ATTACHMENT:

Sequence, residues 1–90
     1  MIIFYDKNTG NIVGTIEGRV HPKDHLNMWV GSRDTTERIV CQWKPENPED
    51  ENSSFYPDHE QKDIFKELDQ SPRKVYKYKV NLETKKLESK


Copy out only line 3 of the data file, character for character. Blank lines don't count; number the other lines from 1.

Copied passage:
    51  ENSSFYPDHE QKDIFKELDQ SPRKVYKYKV NLETKKLESK